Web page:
Marlowe comes to during the night and, still groggy, searches the clinic. He hears gunshots and stumbles upon a mortally wounded Orrin, who attacks Marlowe with an ice pick but is too weak to do him serious harm. Marlowe finds a photograph that reveals that Wald, Orrin and Orfamay are siblings. This convinces Marlowe that Orrin was the blackmailer and murderer, though in league with another party. Marlowe, without having told the police about anything that happened at the clinic, tracks Orfamay to the train station where she is waiting for a train to take her back to Kansas, and tells her of Orrin's death. Orfamay blames Marlowe for the death, for having taken too long to go looking for Orrin at the doctor's clinic, and she alerts the police to what happened. Marlowe appeases Lieutenant French by promising to solve the case and to give the police the credit for having done so. He returns to his office and destroys the pictures and the negatives, and then gets a visit from Dolores, who tells him Wald wants to see him. After she comforts him they leave together, watched by Lagardie. Dolores drives Marlowe to Steelgrave's mansion, before she drops him off Marlowe asks, and she confirms, if she and Steelgrave had at one time been romantically involved. Marlowe finds Steelgrave dead and a disconsolate Wald beside him. She tells him she killed Steelgrave because he had her brother killed. In order to protect Wald's reputation, Marlowe sets things up to make it look as if Steelgrave committed suicide. However the police are not fooled, and Marlowe and Lieutenant French have a confrontation. When Marlowe returns to his home he finds Orfamay there searching it, but he tells her he has already destroyed the photographs and the negatives. Wald arrives too, and a heated confrontation between them reveals that Orfamay knew about Orrin's blackmailing scheme and wanted to stop him for his own safety – it is why she hired Marlowe to find him – but that she had subsequently told Steelgrave, in return for one thousand dollars, where to find Orrin. The sisters tussle, Marlowe breaks it up and carries Orfamay out. He tells her to go back to Kansas. In a tender discussion with Wald he confirms what he had previously suspected, that she had actually not killed Steelgrave. She admits she pretended to have done so to protect Orfamay, who she thought had killed him.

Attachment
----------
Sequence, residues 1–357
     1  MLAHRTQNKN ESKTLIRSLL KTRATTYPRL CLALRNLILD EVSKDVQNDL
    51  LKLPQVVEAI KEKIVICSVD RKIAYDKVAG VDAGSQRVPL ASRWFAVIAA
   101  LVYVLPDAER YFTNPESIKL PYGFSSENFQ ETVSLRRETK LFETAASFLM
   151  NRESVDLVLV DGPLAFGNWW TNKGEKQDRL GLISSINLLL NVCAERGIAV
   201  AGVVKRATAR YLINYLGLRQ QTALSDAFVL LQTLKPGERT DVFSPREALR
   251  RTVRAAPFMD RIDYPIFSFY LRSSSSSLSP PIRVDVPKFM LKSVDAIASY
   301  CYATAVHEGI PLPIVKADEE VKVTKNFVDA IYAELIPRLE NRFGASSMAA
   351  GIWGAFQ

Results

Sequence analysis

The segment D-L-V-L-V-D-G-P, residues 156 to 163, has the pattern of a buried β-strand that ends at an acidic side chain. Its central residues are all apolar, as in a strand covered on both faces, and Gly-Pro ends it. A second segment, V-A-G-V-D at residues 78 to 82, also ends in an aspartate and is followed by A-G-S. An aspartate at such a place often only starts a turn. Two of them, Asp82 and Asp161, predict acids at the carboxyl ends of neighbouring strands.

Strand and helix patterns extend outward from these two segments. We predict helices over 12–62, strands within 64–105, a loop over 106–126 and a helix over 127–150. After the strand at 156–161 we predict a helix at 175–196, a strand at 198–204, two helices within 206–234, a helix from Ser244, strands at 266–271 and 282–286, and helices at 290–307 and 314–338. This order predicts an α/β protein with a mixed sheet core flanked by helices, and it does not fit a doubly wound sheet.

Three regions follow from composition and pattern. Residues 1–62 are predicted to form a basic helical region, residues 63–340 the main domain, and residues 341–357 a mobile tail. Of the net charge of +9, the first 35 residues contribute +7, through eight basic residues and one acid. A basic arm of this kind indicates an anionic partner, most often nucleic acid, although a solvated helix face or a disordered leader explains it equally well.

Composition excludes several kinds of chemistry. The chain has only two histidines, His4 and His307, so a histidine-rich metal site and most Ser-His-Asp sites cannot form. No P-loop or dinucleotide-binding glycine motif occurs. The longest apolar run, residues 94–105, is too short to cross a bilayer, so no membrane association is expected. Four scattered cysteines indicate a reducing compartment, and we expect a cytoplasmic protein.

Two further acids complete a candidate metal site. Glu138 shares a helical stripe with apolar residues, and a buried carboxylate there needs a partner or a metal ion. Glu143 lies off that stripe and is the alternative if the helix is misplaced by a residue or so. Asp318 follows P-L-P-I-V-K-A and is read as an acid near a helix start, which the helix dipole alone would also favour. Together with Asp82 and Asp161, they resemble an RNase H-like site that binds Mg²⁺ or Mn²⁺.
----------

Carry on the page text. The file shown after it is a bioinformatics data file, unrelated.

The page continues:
With Wald's secret safe, Marlowe meets up with Dolores at the club where she is working. Having pieced almost all the clues together, he confronts her, while she is dancing, with his suspicion that she was Orrin's partner in crime. She was in love with Steelgrave and wanted to force Wald and Steelgrave apart. Hicks and Clausen were murdered by Orrin because Hicks wanted to take over the scheme for his own profit, and the drug-addicted Clausen was too unstable. Marlowe guesses that Dr. Lagardie was once married to Dolores, years ago when he was a doctor to mobsters. Dolores admits to everything but she remains defiant, believing that Marlowe is too fond of Wald to tell the police what he knows, as it would ruin Wald's career. Marlowe phones the police and asks to speak to the homicide department. At that moment, just as Dolores's rousing burlesque performance is nearing its climax, she is shot dead by Lagardie, who then kills himself. Before the police arrive Marlowe leaves the club and drives away into the night.